Bitcoin hits real life barriers in South Africa
Bitcoin is being touted as the next wave in moving money in the developed world, but there still seems to be some reluctance. CCTV Africa’s Angelo Coppola …
First, we start with our top story tonight with a digital currency that’s trying to break into the mainstream world. Bitcoin the virtually unregulated virtual currency so before we go there what exactly is Bitcoin?
CCTV Africa’s Angelo
Bitcoin is not backed by any central government or federal government like physical money they’re traded for goods and services Bitcoin – Bitcoin transactions are made over the internet and can be anonymous it can be used also as an underground currency but it’s getting more and more legitimate.
Bitcoin will regulate digital currencies
More Bitcoin ATM machines are popping up around the world and that’s forcing governments to take notice of its prominence. Just this week the UK said it will regulate digital currencies for the very first time.
South Africa Angela Capello finds out
Now some say this coin could be a powerful tool in Africa where the vast majority of the population lacks access to brick-and-mortar stores. The virtual currency may be able to fill that gap but bitcoin is still struggling to gain traction in South Africa Angela Capello finds out why virtual currency doesn’t seem to have found a place in South Africa, just yet despite an entrepreneur introducing Bitcoin into the country late last year.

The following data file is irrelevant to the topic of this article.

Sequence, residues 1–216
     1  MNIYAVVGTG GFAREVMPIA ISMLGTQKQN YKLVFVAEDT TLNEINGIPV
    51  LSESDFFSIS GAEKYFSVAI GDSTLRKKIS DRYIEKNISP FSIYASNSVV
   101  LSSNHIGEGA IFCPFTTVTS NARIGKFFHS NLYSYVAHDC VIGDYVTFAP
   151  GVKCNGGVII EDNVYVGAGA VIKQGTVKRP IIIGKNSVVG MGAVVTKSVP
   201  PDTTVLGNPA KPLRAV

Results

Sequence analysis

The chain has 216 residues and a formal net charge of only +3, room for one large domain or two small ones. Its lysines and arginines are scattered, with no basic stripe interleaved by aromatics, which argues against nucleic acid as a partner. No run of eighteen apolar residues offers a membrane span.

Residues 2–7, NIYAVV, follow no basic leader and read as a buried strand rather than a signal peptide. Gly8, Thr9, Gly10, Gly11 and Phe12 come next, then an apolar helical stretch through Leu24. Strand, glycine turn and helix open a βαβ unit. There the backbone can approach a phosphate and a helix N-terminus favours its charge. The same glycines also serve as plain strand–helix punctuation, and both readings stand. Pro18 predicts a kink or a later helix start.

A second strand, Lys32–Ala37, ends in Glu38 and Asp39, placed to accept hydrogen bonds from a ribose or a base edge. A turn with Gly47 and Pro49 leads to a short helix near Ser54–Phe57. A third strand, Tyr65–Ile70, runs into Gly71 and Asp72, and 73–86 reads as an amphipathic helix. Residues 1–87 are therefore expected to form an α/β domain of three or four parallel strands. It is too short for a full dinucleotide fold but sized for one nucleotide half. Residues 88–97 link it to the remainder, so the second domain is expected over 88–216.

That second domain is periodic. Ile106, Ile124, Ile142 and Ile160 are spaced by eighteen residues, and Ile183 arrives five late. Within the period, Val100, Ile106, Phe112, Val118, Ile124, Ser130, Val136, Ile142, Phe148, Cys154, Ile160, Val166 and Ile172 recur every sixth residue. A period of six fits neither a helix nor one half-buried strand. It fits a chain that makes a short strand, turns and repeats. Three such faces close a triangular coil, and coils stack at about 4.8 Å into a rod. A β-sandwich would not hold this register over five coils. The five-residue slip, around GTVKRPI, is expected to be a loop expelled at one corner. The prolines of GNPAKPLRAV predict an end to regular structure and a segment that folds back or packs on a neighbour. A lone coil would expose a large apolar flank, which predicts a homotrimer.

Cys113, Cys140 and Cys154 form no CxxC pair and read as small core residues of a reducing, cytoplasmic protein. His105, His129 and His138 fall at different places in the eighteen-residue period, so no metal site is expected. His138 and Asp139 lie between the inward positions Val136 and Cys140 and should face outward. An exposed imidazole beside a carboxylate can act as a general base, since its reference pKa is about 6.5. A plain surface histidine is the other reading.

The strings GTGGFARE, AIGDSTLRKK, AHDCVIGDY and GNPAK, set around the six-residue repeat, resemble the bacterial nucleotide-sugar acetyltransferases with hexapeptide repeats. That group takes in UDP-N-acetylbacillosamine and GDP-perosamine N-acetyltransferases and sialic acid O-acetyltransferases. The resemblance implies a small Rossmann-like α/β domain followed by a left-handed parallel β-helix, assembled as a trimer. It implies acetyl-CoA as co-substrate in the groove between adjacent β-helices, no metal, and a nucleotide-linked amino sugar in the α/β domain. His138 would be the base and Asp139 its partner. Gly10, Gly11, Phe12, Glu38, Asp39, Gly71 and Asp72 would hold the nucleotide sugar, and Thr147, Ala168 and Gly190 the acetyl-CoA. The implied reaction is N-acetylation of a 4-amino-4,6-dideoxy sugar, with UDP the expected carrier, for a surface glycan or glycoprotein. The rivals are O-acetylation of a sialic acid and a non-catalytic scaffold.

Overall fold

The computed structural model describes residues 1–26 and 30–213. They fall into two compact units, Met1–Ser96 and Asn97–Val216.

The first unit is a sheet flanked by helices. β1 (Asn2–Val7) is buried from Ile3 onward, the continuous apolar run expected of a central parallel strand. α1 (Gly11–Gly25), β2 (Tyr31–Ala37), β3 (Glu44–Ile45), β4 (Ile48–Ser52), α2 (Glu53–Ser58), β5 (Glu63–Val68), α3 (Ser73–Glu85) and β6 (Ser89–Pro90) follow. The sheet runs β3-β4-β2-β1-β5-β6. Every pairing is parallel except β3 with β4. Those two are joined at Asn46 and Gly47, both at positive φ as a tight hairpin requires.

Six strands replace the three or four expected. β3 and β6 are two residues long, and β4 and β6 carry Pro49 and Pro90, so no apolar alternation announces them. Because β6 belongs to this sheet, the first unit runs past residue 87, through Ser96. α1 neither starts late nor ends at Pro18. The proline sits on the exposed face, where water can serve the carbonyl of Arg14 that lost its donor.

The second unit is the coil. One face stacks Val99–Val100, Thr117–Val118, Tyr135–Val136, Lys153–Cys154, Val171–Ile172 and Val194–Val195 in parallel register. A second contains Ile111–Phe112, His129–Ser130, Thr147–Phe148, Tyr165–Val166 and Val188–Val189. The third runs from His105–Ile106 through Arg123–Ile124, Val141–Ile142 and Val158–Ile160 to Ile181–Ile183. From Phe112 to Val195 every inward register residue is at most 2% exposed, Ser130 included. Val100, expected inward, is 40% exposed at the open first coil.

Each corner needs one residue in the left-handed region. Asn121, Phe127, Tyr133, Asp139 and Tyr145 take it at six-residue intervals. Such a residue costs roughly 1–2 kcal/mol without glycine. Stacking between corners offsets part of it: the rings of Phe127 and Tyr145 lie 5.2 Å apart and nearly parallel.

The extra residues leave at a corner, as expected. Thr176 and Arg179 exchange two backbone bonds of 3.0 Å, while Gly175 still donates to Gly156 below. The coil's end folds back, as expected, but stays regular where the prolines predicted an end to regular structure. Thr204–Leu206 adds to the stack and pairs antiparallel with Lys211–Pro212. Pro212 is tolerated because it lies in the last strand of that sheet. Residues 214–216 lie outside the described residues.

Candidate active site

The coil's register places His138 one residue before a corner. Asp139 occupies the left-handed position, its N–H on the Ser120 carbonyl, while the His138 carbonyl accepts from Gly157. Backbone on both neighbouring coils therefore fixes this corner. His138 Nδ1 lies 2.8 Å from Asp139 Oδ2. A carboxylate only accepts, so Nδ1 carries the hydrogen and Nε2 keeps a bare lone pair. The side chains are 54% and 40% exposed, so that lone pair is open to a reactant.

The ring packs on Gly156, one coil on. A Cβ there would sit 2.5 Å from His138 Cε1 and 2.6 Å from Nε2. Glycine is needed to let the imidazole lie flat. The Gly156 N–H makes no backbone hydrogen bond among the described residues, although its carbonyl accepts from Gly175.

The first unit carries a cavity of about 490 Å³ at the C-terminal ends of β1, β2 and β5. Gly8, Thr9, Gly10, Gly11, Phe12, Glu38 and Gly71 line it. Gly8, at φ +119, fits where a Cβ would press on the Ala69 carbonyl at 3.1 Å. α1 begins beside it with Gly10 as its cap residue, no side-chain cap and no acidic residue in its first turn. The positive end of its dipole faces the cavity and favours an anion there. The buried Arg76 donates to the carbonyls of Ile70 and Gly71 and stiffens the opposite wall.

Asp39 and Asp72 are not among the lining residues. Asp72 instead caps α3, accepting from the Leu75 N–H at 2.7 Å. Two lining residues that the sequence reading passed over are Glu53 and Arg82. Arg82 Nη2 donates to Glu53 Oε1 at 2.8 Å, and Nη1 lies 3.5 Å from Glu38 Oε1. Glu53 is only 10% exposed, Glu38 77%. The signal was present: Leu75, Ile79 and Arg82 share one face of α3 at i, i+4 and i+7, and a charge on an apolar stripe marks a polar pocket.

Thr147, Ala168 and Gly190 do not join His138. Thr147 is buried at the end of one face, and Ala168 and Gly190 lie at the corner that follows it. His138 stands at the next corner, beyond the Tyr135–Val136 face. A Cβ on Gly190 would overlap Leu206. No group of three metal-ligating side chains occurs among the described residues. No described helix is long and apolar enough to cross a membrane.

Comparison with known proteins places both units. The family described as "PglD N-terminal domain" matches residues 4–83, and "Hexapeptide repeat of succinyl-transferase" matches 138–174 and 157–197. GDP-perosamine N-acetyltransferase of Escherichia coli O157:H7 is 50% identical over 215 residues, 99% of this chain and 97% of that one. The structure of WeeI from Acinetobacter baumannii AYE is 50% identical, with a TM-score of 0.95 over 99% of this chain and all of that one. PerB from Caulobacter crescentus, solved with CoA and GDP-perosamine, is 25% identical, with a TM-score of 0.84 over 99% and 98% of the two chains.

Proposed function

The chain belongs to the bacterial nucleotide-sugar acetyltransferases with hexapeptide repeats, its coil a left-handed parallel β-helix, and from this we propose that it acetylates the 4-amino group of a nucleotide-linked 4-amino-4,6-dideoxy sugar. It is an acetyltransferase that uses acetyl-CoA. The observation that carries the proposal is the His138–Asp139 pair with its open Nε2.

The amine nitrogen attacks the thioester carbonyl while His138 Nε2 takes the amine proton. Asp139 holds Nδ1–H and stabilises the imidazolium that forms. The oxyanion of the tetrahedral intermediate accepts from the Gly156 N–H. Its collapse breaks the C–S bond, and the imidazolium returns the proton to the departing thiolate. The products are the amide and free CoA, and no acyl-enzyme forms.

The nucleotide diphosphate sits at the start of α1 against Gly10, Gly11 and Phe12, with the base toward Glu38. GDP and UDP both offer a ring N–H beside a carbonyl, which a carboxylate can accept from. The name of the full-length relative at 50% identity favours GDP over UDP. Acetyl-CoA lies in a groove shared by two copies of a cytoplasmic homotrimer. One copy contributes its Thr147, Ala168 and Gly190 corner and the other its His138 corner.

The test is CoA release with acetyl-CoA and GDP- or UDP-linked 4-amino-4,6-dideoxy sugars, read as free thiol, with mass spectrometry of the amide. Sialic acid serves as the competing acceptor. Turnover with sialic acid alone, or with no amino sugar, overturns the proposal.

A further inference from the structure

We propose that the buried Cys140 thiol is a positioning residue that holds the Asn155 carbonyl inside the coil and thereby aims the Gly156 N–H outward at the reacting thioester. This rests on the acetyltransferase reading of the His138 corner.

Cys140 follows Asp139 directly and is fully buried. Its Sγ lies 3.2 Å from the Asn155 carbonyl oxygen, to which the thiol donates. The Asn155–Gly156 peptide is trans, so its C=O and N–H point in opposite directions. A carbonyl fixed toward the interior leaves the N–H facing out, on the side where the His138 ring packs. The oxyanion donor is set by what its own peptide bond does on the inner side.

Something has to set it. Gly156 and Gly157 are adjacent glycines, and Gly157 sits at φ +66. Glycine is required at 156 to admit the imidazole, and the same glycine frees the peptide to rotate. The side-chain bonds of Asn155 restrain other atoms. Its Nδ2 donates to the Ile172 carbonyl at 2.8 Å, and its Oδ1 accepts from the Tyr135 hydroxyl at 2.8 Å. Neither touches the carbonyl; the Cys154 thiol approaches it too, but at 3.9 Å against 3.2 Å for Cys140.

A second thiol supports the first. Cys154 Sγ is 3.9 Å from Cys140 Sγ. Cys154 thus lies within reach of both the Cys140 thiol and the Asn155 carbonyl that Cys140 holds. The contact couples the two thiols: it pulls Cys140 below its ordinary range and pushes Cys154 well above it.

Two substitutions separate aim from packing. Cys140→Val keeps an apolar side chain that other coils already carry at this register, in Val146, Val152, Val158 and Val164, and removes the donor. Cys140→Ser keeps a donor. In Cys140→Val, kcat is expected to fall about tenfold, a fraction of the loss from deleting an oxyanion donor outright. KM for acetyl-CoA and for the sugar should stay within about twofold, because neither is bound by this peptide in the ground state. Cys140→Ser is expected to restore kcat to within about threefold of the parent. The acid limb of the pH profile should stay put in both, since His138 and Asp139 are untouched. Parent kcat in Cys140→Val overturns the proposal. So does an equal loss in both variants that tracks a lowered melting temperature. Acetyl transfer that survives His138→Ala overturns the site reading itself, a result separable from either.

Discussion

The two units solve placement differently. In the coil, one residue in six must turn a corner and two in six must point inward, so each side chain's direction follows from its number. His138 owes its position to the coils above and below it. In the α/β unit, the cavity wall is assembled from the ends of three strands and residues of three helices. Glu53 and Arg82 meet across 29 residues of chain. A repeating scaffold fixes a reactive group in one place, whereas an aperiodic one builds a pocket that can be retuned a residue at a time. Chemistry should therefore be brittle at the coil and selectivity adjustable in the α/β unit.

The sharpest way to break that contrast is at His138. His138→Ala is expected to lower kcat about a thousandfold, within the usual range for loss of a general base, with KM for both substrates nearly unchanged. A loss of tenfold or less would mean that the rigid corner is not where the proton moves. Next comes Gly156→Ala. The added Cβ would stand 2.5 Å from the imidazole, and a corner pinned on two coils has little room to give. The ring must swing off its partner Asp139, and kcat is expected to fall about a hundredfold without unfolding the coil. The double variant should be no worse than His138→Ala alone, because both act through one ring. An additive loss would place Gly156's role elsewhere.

Bitcoin is just like the internet
Well the thing about Bitcoin is you’ve got to separate the technology and the potential for the technology from the hype that’s surrounded it’s like any new technology arrives just like the internet, just like smartphones just like cell phones, it runs it’s going to change humanity.
It’s going to change everything we are going to have a better more fulfilled enriched life and we’ll be able to pay for it quicker and easier the fast moving consumer goods sector, is a case in point where customers are concerned about personal security transactions though are going cashless and business owners have noticed the move ninety-eight percent take 2% cash.